Lung Transplantation Is Increasingly Common Among Patients With Coal Workers' Pneumoconiosis

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Abstract

Background

The prevalence of coal workers' pneumoconiosis (CWP) in U.S. coal miners has increased, and severe presentations are increasingly common.

Methods

We describe trends in lung transplantation during 1996–2014 for recipients with a primary diagnosis of CWP or pneumoconiosis unspecified, and we summarize recipient characteristics and estimate survival.

Results

A total of 47 transplants were included; nearly three-quarters were performed during 2008–2014. All recipients were male, 96% were white, and the mean age was 56 years. Mean FEV1% was 35%; mean FVC% was 53%. Mean time on a waitlist was 155 days, and 60% of transplants were bilateral. Median survival was 3.7 years.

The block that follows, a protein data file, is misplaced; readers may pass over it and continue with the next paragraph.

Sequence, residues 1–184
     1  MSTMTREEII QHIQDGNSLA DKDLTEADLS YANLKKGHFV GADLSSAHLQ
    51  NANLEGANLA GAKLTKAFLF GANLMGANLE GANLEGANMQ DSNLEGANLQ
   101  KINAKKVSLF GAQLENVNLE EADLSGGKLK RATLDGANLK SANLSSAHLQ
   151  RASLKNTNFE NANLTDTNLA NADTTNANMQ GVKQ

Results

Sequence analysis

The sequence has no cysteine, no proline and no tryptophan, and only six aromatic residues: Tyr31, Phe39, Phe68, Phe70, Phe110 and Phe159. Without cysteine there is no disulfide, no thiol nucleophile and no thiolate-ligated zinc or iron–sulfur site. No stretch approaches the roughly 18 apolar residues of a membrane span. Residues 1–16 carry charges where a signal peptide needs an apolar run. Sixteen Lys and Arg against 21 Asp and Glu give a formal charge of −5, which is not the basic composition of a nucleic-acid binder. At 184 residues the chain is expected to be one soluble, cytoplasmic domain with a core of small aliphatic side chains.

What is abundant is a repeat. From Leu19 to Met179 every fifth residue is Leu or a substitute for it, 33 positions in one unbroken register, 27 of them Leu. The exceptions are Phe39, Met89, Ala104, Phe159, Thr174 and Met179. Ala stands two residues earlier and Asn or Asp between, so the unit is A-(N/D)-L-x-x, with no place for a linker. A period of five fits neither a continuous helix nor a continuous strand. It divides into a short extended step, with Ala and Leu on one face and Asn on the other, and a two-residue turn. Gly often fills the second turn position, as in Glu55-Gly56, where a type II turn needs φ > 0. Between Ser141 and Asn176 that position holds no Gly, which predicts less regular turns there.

Conclusions

These transplants reflect the use of a scarce resource for an entirely preventable disease, and highlight the need for enhanced efforts to reduce coal mine dust exposures. Am. J. Ind. Med. 59:175–177, 2016. Published 2016. This article is a U.S. Government work and is in the public domain in the USA.

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